Old fashioned publishing skills are still "as relevant and vital as ever" in the children's market, even though children are increasingly discovering books through digital and new media brands, Egmont UK's m.d. Cally Poplak (pictured) has told The Bookseller Children's Conference.
Poplak said Egmont's strategy was driven by "what children love to read and what their parents are prepared to buy".
Research done by the publisher with Nielsen has also found that parents "really value reading".
"They see it as something genuinely special and a truly desirable alternative to screen time," she said.
However, Poplak added that parents are less focused on the literary canon and more on whatever gets their children reading.
Following its research, Egmont also found that of the 14m adults who buy children's books or magazines, 50% said other media and brands encouraged their children to read.
The children’s publisher also surveyed children and found that for those aged between 0 and 17, "the passion for the physical book has not diminished".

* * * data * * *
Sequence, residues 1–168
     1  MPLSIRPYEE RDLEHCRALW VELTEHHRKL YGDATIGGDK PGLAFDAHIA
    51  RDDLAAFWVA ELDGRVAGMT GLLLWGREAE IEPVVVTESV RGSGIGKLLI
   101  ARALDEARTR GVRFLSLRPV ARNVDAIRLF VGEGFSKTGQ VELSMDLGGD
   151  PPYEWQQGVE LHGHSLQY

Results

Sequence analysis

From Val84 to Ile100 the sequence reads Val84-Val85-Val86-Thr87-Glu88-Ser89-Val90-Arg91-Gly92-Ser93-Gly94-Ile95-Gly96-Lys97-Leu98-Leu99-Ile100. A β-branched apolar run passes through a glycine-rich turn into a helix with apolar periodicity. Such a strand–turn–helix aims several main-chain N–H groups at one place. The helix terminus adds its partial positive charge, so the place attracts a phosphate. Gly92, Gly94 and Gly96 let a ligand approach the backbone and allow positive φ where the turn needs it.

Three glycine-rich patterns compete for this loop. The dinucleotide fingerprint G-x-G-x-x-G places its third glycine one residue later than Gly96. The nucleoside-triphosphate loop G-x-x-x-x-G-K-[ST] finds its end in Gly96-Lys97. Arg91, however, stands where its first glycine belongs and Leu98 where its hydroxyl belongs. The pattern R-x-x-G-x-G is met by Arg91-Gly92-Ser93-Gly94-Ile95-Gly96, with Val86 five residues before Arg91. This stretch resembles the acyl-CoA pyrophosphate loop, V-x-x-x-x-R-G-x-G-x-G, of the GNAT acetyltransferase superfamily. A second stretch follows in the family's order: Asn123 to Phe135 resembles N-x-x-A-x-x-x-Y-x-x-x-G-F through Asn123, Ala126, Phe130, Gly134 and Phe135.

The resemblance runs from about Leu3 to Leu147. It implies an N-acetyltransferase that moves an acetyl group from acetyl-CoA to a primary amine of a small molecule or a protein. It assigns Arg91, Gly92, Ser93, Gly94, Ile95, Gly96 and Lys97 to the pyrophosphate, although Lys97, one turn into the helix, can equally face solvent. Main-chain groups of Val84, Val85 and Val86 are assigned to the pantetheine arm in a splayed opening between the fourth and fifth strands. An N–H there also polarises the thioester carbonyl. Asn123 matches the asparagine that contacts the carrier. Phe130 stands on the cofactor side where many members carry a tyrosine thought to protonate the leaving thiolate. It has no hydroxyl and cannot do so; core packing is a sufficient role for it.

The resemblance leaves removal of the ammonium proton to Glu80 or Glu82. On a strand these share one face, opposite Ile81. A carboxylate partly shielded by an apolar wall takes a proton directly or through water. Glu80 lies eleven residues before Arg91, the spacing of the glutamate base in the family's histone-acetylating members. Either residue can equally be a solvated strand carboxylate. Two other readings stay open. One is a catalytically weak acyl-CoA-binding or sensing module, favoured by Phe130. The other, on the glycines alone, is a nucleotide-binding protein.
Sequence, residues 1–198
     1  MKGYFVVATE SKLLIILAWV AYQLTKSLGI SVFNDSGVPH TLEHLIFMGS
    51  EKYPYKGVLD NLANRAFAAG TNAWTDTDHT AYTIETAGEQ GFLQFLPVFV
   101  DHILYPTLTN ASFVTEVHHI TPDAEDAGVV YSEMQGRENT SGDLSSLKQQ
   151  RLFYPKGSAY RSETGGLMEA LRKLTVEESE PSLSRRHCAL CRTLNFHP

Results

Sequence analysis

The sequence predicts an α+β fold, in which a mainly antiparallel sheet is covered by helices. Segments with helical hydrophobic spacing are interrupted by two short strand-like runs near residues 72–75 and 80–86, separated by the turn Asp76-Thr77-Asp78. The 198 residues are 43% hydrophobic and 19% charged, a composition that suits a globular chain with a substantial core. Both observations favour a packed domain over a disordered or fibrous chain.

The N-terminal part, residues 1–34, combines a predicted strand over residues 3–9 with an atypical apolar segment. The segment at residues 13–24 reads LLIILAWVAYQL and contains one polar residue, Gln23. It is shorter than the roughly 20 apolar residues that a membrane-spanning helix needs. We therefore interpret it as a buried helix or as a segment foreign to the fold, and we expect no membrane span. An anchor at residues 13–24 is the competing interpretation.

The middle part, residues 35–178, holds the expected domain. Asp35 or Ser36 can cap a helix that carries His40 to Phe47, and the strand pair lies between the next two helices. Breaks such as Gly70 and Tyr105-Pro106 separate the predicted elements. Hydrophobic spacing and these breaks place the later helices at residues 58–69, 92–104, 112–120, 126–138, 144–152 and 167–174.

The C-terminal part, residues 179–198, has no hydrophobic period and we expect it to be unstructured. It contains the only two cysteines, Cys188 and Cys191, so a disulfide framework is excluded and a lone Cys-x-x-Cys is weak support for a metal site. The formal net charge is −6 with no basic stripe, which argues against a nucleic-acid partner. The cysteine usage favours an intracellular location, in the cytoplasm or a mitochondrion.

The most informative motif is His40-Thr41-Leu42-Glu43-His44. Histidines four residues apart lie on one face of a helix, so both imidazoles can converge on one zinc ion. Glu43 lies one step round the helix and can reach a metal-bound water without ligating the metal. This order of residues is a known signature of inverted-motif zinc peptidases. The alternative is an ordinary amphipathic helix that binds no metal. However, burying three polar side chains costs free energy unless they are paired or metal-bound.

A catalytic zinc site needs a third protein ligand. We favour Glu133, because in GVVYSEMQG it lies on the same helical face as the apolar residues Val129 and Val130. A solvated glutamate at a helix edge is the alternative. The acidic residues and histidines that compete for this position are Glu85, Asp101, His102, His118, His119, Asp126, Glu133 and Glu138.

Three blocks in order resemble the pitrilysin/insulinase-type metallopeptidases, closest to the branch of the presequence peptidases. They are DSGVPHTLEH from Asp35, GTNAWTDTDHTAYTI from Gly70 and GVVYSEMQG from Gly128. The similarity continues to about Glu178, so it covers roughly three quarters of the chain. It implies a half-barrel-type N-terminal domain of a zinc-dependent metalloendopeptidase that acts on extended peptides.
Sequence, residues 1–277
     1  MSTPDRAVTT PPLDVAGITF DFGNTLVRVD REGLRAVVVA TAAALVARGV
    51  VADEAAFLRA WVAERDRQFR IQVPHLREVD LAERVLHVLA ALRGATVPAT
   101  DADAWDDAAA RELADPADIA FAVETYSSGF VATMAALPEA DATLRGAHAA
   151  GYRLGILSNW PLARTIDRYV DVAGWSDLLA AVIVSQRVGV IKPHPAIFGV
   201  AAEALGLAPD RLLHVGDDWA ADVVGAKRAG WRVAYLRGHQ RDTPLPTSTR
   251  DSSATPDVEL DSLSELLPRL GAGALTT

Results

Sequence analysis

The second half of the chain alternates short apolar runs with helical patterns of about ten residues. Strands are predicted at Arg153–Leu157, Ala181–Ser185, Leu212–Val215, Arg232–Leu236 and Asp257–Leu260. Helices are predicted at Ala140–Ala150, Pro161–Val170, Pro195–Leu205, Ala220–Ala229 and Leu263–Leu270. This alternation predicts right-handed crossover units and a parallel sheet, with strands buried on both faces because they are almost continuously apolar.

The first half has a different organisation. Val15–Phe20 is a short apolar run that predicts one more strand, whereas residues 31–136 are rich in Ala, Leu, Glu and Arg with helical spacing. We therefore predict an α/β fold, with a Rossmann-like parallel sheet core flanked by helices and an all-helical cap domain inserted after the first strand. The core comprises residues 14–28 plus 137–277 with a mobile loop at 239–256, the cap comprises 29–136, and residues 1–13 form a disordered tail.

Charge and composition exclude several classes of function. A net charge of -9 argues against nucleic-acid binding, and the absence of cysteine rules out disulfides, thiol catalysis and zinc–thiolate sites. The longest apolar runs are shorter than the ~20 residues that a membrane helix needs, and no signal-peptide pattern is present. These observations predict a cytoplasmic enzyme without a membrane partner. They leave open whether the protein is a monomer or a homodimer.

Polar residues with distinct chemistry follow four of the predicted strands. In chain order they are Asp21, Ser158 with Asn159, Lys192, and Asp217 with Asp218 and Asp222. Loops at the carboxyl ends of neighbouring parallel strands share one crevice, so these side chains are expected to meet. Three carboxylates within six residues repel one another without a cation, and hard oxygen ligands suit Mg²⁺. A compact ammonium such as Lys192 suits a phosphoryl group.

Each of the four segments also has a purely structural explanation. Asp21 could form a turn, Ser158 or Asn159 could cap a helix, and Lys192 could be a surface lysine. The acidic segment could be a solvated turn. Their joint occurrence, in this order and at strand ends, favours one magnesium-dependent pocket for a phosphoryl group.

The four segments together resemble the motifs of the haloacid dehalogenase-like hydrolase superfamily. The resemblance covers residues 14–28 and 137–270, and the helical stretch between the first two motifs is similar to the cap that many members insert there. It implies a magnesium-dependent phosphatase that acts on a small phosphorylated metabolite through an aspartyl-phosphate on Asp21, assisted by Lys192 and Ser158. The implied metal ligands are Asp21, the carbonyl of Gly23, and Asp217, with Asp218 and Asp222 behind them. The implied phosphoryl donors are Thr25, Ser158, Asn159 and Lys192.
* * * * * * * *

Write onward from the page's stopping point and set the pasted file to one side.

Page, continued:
Poplak said: "Digital has impacted the world of publishing but not as I imagined it. 75% of children want their favourite stories and content in print form."
Egmont is the publisher of Minecraft, and Poplak said the brand was a great success story. "(That) the biggest children's digital game has translated into print success...is astonishing,” she said.
She added: "Old fashioned publishing skills are as relevant and vital as ever. Outstanding editorial, curation, production, sales, design, that taps into what children are talking about what what parents want and what children want to collect and share their friends.
"These are the skills that turn children into proud readers."
The Bookseller Children’s Conference is taking place today at Milton Court, The Barbican, London today (29th September). Speakers include Kate Wilson, m/d of Nosy Crow, John Styring, c.e.o of Igloo Books and The Bookseller’s Charts and Data Analyst Keira O’Brien, among others.